We almost all rode bikes as kids. And while it was a ton of fun, this is how we got places. If you wanted to visit your friends or buy one-cent bubble gum at the local 7-11, you hopped on your trusty Stingray and off you went.
As most of us turned 16 and finagled a driver's license from the state, our bikes got ditched for cars. A car could take us anywhere we wanted ... much faster than any bike. Our trusty and loyal bikes were stashed in the garage collecting dust, rust and cob webs--only to be sold as garage-sale fodder a couple of years later.
Ten or more years down the road and most of us, while we know how, never ride a bike. In fact, surveys show that 190 million Americans know how to ride a bike, yet only 32 million actually ride.
So what's the problem? Why don't more of us ride?
Shimano Bicycle Components and Trek Bicycles think they know why. Simultaneous research projects conducted by both companies found that people were intimidated by multiple gears and complex shifting systems and didn't feel comfortable using cable hand-braking systems.
"Expecting someone to learn how to shift is a pretty tall order for someone who hasn't ridden since they were a kid and is now 40 years old," says Shannon Bryant, project coordinator for Shimano's Coasting System. "We needed to go outside of cyclists and talk to non-cyclists."
After talking to non-cyclists, Shimano and Trek found they needed to get back to basics, so they developed a bike that takes advantage of today's technology without burdening the consumer with a need to interact with those components. They buried the cables and shifting mechanisms inside the frame and made shifting a non-issue.
So the idea of an automatic transmission, now dubbed "Shimano's Coasting System," was born. Trek, Giant and Raleigh Bicycles all signed on to develop bikes around this new transmission.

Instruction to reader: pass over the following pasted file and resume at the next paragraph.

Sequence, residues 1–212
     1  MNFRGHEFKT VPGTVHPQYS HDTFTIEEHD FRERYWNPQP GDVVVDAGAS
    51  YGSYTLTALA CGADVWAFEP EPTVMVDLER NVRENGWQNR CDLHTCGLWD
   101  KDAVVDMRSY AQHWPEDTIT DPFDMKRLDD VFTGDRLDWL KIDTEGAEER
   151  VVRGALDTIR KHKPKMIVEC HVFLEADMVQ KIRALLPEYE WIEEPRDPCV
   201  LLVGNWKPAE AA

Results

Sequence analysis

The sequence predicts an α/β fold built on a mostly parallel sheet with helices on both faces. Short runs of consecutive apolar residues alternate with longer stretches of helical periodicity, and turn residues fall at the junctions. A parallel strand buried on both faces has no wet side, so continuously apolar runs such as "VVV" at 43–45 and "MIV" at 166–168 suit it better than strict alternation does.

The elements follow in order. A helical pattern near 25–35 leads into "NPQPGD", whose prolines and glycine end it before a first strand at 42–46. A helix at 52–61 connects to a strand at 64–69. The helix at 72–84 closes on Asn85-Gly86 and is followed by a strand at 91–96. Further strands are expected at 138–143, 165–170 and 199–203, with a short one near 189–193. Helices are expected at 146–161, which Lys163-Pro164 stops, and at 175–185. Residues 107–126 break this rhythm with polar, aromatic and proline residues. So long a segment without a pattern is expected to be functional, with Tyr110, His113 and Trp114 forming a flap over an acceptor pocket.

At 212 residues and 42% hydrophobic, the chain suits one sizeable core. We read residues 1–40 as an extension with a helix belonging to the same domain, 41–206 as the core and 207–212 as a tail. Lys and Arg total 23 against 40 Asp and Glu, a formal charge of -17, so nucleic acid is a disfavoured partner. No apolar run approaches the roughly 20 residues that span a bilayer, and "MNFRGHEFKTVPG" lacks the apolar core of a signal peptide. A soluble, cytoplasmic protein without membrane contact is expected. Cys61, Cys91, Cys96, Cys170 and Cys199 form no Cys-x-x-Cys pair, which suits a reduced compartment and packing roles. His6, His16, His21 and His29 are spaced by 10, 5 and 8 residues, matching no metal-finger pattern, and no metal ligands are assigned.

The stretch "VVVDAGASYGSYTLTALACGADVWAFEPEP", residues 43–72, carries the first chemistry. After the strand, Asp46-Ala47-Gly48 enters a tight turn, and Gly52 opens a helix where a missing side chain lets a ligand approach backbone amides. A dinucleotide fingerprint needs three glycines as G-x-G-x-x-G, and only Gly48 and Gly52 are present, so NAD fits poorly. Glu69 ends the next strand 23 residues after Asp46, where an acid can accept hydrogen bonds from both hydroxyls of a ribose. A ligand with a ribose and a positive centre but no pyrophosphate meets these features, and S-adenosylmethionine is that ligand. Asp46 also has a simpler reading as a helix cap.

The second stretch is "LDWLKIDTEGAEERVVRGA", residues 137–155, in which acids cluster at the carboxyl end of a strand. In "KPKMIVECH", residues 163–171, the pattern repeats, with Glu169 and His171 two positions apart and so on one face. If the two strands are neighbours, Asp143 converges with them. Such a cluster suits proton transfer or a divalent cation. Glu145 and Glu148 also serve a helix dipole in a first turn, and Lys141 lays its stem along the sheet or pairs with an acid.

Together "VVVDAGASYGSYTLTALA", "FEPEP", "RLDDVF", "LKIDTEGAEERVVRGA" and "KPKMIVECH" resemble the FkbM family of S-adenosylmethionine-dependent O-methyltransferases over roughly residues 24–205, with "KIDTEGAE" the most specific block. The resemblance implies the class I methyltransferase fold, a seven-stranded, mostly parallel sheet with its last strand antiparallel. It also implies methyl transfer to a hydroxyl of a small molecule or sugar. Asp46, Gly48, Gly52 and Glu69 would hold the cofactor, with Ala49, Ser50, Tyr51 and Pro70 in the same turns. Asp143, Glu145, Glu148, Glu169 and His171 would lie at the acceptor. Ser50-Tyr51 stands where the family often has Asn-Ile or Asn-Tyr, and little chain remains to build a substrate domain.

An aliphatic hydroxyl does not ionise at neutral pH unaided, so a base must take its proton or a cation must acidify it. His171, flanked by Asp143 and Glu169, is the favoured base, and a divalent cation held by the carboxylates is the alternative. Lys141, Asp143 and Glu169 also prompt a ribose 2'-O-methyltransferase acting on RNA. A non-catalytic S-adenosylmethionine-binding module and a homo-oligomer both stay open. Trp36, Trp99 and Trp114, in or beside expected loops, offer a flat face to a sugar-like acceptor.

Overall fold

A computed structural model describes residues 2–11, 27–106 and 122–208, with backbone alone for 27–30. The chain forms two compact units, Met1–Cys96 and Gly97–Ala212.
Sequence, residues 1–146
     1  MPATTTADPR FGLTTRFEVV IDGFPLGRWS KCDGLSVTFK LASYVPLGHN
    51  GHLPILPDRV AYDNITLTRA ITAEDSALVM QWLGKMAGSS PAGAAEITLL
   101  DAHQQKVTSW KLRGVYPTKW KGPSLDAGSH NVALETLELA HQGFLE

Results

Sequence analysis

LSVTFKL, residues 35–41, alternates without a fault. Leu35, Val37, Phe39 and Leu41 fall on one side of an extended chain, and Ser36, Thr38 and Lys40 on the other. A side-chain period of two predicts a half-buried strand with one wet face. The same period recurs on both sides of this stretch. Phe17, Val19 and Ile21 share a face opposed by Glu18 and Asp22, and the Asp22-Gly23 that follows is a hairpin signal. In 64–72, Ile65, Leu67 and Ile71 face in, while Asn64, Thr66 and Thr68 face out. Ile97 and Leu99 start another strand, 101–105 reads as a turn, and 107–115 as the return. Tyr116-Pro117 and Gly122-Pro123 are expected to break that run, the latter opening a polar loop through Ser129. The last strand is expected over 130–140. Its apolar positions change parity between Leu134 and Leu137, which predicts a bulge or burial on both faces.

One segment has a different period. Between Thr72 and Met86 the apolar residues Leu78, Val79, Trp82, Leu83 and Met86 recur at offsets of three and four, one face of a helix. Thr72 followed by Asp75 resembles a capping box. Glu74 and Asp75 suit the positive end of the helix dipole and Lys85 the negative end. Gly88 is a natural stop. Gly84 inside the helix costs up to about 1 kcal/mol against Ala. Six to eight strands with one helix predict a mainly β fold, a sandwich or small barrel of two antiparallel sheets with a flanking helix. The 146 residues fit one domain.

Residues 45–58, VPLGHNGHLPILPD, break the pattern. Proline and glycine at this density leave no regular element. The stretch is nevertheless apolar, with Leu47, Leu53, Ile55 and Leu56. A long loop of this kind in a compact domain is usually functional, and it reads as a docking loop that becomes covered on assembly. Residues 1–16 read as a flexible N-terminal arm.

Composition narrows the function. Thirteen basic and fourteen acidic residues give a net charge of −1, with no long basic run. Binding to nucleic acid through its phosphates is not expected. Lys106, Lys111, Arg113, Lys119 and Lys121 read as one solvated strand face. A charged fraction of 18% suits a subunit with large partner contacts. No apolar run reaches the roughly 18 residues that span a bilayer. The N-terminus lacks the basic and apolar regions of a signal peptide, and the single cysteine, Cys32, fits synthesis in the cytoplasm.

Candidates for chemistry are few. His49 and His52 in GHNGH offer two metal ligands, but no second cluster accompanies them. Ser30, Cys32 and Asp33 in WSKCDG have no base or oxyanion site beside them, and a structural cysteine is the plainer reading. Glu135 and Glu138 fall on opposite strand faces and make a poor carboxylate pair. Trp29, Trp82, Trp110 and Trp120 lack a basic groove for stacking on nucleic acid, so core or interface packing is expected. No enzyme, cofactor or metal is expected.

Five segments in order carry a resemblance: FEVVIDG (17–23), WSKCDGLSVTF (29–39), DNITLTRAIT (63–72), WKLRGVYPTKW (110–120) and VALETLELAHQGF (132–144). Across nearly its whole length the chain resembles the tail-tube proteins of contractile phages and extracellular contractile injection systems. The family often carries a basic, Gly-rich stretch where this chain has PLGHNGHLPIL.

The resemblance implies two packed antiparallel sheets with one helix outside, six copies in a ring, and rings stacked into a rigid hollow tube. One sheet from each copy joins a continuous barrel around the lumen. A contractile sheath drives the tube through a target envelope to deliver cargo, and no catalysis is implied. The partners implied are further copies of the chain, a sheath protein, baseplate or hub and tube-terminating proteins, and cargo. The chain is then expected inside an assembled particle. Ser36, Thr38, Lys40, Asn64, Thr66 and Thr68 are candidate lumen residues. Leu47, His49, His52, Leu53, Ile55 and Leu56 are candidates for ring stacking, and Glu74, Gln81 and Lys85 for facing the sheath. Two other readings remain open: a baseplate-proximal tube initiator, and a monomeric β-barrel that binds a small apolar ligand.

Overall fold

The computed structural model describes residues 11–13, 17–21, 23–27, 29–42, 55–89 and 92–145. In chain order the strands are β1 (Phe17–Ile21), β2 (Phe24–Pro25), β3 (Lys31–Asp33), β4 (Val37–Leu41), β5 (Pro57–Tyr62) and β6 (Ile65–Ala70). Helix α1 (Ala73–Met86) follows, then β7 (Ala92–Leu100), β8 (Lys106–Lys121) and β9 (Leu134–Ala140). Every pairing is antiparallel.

The Trek Lime
A couple of months ago, Shimano suggested I try Trek's Lime bicycle. Even though I've been riding bicycles seriously for over 25 years, Shimano explained that the Lime was essentially for non-cyclists. In other words, I had to change my mindset and evaluate the bicycle from a layperson's perspective.
One of the easiest ways to accomplish this was to let a bunch of my non-cyclist neighbors take it for a spin.
The Lime features a very simple design: no cables, brakes or levers are visible, and braking is accomplished the old-fashioned way: just pedal backwards.
The very large and comfy seat is the antithesis of a racing bicycle saddle. A storage compartment inside the seat allows you to store your wallet, keys, money or other small items during your ride.
The wheels are not meant to be taken off by consumers, but that's exactly what I did in order to put the bike in the back of my minivan. Since I didn't have any instructions, I didn't realize that removing the front wheel also disconnected the wire from a generator and speed sensor.
When I figured out the automatic transmission wasn't working anymore, I called Shimano and they explained I needed to take the mechanism apart and put the wire back -- which was pretty easy to do. They explained that this wasn't a bike you put in your car nor did they ever intend for the folks that bought this kind of bicycle to ever remove the wheels.
Which is why the bike comes with puncture-resistant tires. The idea is that you shouldn't get a flat tire and certainly will never need to remove the wheels.